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ABSTRACT: A computer program that progressively evaluates the hydrophilicity and hydrophobicity of a protein along its amino acid sequence has been devised. For this purpose, a hydropathy scale has been composed wherein the hydrophilic and hydrophobic properties of each of the 20 amino acid side-chains is taken into consideration. The scale is based on an amalgam of experimental observations derived from the literature. The program uses a moving-segment approach that continuously determines the average hydropathy within a segment of predetermined length as it advances through the sequence. The consecutive scores are plotted from the amino to the carboxy terminus. At the same time, a midpoint line is printed that corresponds to the grand average of the hydropathy of the amino acid compositions found in most of the sequenced proteins. In the case of soluble, globular proteins there is a remarkable correspondence between the interior portions of their sequence and the regions appearing on the hydrophobic side of the midpoint line, as well as the exterior portions and the regions on the hydrophilic side. The correlation was demonstrated by comparisons between the plotted values and known structures determined by crystallography. In the case of membrane-bound proteins, the portions of their sequences that are located within the lipid bilayer are also clearly delineated by large uninterrupted areas on the hydrophobic side of the midpoint line. As such, the membrane-spanning segments of these proteins can be identified by this procedure. Although the method is not unique and embodies principles that have long been appreciated, its simplicity and its graphic nature make it a very useful tool for the evaluation of protein structures.Journal of Molecular Biology 06/1982; 157(1):105-32. · 3.91 Impact Factor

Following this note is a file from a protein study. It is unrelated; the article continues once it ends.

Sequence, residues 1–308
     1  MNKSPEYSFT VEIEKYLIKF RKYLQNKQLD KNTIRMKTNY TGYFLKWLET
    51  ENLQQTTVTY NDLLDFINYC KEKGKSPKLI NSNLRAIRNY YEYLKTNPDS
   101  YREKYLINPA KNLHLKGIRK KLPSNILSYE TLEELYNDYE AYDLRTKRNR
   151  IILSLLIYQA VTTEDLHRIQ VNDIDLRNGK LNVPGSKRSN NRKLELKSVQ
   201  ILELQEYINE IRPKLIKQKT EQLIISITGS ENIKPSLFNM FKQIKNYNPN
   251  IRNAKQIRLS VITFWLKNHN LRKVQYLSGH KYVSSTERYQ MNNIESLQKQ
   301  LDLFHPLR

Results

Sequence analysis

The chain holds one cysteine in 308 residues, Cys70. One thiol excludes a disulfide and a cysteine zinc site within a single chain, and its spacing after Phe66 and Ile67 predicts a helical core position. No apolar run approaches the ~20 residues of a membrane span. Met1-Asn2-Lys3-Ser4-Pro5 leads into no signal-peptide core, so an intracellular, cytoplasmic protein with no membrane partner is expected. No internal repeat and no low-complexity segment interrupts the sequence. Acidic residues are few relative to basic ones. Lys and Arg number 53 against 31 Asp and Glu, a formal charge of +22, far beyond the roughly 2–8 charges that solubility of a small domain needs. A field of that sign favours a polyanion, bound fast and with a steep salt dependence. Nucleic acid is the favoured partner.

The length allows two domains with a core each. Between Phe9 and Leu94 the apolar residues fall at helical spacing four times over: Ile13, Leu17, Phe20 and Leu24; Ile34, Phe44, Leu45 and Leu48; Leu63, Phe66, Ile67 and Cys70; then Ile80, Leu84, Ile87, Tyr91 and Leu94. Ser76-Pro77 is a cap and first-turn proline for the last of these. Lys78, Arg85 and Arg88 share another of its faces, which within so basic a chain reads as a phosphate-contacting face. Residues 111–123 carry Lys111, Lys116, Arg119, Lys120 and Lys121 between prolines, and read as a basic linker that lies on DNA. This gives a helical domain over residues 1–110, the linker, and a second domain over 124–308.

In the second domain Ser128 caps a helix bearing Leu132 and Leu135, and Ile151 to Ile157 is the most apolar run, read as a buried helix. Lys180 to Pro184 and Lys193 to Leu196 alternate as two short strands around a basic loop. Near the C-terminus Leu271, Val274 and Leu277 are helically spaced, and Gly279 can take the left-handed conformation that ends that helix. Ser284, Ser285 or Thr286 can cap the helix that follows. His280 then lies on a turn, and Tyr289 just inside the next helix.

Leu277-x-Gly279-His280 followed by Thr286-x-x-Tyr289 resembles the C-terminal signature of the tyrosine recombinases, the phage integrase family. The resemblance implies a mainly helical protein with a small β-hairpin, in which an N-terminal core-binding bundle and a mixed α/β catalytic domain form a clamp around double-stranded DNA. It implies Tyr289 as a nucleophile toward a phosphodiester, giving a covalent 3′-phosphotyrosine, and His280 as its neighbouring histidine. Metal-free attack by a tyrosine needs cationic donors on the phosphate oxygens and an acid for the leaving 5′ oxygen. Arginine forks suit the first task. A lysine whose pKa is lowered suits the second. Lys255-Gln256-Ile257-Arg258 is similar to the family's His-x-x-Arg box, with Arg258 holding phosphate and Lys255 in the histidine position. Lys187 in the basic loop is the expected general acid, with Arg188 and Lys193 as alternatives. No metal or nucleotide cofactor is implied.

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ABSTRACT: An elastic network model is proposed for the interactions between closely (< or = 7.0 A) located alpha-carbon pairs in folded proteins. A single-parameter harmonic potential is adopted for the fluctuations of residues about their mean positions in the crystal structure. The model is based on writing the Kirchhoff adjacency matrix for a protein defining the proximity of residues in space. The elements of the inverse of the Kirchhoff matrix give directly the auto-correlations or cross-correlations of atomic fluctuations. The temperature factors of the C alpha atoms of 12 X-ray structures, ranging from a 41 residue subunit to a 633 residue dimer, are accurately predicted. Cross-correlations are also efficiently characterized, in close agreement with results obtained with a normal mode analysis coupled with energy minimization. The simple model and method proposed here provide a satisfactory description of the correlations between atomic fluctuations. Furthermore, this is achieved within computation times at least one order of magnitude shorter than commonly used molecular approaches.Folding and Design 02/1997; 2(3):173-81.
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ABSTRACT: A protein sequence folds into a unique three-dimensional protein structure. Different sequences, though, can fold into similar structures. How stable is a protein structure with respect to sequence changes? What percentage of the sequence is 'anchor' residues, that is, residues crucial for protein structure and function? Here, answers to these questions are pursued by analyzing large numbers of structurally homologous protein pairs. Most pairs of similar structures have sequence identity as low as expected from randomly related sequences (8-9%). On average, only 3-4% of all residues are 'anchor' residues. The symmetric shape of the distribution at low sequence identity suggests that for most structures, four billion years of evolution was sufficient to reach an equilibrium. The mean identities for convergent (different ancestor) and divergent (same ancestor) evolution of proteins to similar structures are quite close and hence, in most cases, it is difficult to distinguish between the two effects. In particular, low levels of sequence identity appear not to be indicative of convergent evolution.Folding and Design 02/1997; 2(3):S19-24.